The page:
John Laue


America. A
Flag’s inkblot shadow shivers
In this cool fall breeze.

Left by miles high jets
In a California sky,
Two long chalk lines cross.

In shadow from a
Huge Confederate statue,
Young black lovers kiss.

Watching bats emerge
Like smoke from beneath a bridge,
Immigrant children.

Homeless man by the
Roadside with a small dog. His
Sign reads, I will work!

They put it on the
Back page, this latest death from
Restless depression.

Roadside bombing? No
It wouldn’t happen here. And
Ma’am we have good schools.

With a pop pop here,
A crack crack there, everywhere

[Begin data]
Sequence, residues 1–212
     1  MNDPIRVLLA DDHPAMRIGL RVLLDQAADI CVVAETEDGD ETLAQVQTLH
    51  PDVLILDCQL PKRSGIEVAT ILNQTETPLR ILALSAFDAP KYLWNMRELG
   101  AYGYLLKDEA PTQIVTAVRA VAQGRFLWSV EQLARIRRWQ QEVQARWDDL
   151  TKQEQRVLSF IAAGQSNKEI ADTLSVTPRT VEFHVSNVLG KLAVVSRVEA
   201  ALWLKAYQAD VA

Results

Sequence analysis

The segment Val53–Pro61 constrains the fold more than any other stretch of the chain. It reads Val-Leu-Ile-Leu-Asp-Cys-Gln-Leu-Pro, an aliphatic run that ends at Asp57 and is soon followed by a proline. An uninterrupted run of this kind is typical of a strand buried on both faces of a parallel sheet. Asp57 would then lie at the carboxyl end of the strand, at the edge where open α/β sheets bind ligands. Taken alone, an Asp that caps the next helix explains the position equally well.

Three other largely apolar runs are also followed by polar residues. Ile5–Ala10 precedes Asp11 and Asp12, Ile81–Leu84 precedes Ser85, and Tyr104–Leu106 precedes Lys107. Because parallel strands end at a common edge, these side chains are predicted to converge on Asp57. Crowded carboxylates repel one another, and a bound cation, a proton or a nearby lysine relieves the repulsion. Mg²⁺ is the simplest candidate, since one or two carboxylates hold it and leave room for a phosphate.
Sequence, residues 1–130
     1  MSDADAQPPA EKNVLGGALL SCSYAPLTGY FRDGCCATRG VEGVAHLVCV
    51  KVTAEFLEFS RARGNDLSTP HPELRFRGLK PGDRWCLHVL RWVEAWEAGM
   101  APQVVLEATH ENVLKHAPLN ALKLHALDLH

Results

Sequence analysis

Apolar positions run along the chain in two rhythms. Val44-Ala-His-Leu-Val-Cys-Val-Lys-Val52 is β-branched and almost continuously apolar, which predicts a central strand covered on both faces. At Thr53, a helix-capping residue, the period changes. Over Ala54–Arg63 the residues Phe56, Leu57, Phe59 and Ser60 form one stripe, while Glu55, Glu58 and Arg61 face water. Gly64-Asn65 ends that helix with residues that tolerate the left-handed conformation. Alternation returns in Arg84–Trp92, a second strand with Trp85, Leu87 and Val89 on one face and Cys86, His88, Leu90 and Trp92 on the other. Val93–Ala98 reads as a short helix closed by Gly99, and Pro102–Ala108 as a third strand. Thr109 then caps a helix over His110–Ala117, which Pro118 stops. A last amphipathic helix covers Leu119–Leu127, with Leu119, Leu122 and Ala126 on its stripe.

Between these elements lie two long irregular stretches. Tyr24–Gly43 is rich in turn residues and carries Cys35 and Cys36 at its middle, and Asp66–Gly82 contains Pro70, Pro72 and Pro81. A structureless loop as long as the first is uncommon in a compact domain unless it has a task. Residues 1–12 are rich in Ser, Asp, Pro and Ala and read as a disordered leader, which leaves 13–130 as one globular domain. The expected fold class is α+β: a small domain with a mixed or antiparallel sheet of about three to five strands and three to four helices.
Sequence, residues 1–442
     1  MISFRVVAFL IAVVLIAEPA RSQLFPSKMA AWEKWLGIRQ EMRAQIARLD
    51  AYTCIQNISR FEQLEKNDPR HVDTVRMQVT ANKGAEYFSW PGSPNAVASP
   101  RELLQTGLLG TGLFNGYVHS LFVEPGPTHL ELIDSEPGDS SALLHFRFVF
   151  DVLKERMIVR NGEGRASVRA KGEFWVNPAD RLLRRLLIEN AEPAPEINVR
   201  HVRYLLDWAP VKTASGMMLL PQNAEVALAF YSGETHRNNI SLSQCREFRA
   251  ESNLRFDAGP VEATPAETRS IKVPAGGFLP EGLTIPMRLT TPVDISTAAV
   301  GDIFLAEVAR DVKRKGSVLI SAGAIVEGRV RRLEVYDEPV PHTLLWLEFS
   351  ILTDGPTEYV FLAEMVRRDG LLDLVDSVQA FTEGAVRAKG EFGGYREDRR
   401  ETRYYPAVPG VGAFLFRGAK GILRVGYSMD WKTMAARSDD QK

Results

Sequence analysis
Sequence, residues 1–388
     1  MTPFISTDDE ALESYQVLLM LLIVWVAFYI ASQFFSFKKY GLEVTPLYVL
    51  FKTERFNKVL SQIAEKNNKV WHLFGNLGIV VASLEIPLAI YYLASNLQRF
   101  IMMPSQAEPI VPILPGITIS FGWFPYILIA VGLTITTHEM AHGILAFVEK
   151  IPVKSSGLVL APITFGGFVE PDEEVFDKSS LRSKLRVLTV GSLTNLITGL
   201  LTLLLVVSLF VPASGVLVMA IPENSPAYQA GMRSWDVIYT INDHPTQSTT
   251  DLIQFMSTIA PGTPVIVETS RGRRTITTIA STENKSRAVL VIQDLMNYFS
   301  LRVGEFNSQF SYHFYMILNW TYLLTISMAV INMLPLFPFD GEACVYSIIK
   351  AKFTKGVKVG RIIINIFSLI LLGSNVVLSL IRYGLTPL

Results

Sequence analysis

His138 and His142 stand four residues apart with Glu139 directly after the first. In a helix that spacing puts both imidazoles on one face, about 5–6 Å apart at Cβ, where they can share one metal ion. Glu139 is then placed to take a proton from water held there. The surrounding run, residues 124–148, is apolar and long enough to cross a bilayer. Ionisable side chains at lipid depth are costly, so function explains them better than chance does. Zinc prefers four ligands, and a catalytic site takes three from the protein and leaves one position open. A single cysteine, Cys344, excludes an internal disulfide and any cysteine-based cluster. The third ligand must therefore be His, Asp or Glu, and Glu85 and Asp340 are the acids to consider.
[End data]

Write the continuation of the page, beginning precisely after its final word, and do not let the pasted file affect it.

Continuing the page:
A bang bang boom boom—

John Laue, teacher/counselor, a former editor of Transfer, San Francisco Review, and Monterey Poetry Review, has won awards for his writing beginning with the Ina Coolbrith Poetry Prize at The University of California, Berkeley. With five published poetry books, a sixth (A Confluence of Voices Revisited, Futurecycle Press), come out last year, and a book of prose advice for people diagnosed as mentally ill, he presently coordinates the reading series of The Monterey Bay Poetry Consortium.